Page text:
9. Mr Terrell very fairly pointed out even were this tribunal to correct the Rule 276 ADE(1) finding and remake that finding to the point that the appellant had not acquired 20 years residence, and retain the unchallenged finding that there were no “very significant obstacles to integration” as required in the alternative by Rule 276 ADE (vi) as per the judge’s unchallenged findings at [35], the consideration outside of the rules at [37] dealing with the test of “unjustifiably harsh consequences” was tainted by the unsustainable findings of fact because the judge had brought forward into that consideration his erroneous conclusion that the appellant had fraudulently falsified the passport entries to show he had obtained a visa and re entered in 2003. In those circumstances the proportionality exercise at [37] could not in fairness stand and would need to be remade. The judge’s error touched on issues of fairness such that rather than retaining the appeal for re-making in the Upper Tribunal the appellant should have the benefit of a properly conducted First-tier Tribunal proportionality exercise following a correct application of the rules.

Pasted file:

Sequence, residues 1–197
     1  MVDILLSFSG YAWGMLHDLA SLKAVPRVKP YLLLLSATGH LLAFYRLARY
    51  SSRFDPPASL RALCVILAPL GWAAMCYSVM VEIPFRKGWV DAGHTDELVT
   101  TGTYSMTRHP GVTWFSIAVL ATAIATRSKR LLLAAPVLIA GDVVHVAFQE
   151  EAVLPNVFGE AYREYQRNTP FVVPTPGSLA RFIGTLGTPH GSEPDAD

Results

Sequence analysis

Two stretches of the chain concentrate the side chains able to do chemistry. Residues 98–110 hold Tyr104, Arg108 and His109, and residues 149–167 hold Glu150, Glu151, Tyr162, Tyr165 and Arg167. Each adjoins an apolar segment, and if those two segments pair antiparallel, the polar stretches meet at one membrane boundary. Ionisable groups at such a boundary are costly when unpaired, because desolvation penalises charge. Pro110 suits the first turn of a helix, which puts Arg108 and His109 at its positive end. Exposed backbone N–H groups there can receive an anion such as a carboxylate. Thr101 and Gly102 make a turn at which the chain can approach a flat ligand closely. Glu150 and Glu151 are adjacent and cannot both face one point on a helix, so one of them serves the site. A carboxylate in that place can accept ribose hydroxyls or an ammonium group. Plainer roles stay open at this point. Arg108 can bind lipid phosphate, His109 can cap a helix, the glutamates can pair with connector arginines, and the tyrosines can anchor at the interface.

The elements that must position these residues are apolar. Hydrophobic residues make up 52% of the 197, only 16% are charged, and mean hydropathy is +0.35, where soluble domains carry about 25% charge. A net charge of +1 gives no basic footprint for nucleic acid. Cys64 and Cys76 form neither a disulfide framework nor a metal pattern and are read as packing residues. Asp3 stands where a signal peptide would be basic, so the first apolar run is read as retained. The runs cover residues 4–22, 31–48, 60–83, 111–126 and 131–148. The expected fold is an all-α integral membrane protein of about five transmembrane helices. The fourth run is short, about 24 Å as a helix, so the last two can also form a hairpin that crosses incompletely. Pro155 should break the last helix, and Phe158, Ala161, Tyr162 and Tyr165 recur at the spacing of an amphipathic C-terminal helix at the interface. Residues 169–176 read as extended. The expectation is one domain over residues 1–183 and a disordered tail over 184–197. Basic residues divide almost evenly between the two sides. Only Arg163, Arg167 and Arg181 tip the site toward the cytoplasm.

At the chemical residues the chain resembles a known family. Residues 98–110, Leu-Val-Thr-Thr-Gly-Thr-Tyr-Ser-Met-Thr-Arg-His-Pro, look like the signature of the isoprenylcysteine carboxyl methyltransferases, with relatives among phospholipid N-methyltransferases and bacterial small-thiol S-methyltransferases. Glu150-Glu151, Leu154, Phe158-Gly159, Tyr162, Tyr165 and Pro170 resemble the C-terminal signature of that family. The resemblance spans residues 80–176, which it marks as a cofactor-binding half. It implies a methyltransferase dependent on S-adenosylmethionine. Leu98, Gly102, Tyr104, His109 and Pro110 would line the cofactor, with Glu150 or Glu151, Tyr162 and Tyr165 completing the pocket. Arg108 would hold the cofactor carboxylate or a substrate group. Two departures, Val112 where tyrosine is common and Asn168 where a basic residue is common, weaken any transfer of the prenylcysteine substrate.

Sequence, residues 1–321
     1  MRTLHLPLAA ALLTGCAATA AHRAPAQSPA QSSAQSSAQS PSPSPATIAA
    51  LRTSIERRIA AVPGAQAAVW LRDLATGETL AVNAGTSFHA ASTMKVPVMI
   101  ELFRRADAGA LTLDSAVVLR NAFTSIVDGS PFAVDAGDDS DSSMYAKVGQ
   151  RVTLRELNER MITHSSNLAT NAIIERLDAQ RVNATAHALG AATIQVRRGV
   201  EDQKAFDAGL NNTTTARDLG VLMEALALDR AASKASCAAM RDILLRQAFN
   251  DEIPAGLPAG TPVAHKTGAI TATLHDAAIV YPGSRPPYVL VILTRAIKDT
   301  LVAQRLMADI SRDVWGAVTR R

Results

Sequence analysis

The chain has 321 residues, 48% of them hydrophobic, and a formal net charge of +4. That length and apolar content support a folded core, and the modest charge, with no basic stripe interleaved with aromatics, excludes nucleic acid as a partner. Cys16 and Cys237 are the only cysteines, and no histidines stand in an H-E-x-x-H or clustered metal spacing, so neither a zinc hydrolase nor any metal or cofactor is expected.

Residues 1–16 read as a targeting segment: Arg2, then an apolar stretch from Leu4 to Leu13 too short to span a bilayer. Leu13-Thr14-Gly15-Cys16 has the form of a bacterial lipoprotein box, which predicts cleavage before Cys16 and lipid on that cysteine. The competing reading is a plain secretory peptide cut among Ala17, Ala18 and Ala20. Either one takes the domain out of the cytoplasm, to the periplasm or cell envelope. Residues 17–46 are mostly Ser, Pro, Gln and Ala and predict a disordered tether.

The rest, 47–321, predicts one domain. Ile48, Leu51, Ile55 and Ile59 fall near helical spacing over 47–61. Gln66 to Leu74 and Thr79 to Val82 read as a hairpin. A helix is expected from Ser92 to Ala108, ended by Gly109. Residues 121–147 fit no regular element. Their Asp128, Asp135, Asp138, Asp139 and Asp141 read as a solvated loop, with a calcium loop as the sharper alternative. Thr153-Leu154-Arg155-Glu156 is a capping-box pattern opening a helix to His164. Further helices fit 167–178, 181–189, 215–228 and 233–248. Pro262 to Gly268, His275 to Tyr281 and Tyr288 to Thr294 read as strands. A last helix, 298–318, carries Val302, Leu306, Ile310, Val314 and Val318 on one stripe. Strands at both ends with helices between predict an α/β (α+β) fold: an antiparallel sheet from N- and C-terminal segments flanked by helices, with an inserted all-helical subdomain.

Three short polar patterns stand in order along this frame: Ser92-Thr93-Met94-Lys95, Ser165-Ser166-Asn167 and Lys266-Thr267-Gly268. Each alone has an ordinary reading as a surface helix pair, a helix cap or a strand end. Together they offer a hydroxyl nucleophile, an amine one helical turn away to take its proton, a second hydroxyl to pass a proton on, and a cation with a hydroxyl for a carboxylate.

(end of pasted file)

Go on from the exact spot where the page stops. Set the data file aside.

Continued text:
10. In those circumstances we have decided that the case should be remitted to the First-tier Tribunal. The finding that the appellant has shown continuous residence since 1999 is set aside for the reasons set out above. Any calculation of residence will need to take as its starting point the agreed 2003 re-entry date evident on the passport. For the reasoning set out above the finding that the appellant falsified passport entries is also set aside. There being no challenge to the finding that the appellant would not face very significant obstacles to his integration on return [35], that finding is preserved. The First-tier Tribunal will need to conduct a fresh proportionality assessment as at the date of the remitted hearing.

Notice of Decision
The Secretary of State’s appeal succeeds. The decision of the First-tier Tribunal allowing the appeal is vitiated by legal error and we set it aside. We remit the appeal to the First-tier Tribunal with the preserved finding that the appellant will not face very significant obstacles to his integration on return.

E M Davidge

Deputy Judge of the Upper Tribunal
Immigration and Asylum Chamber

25 July 2023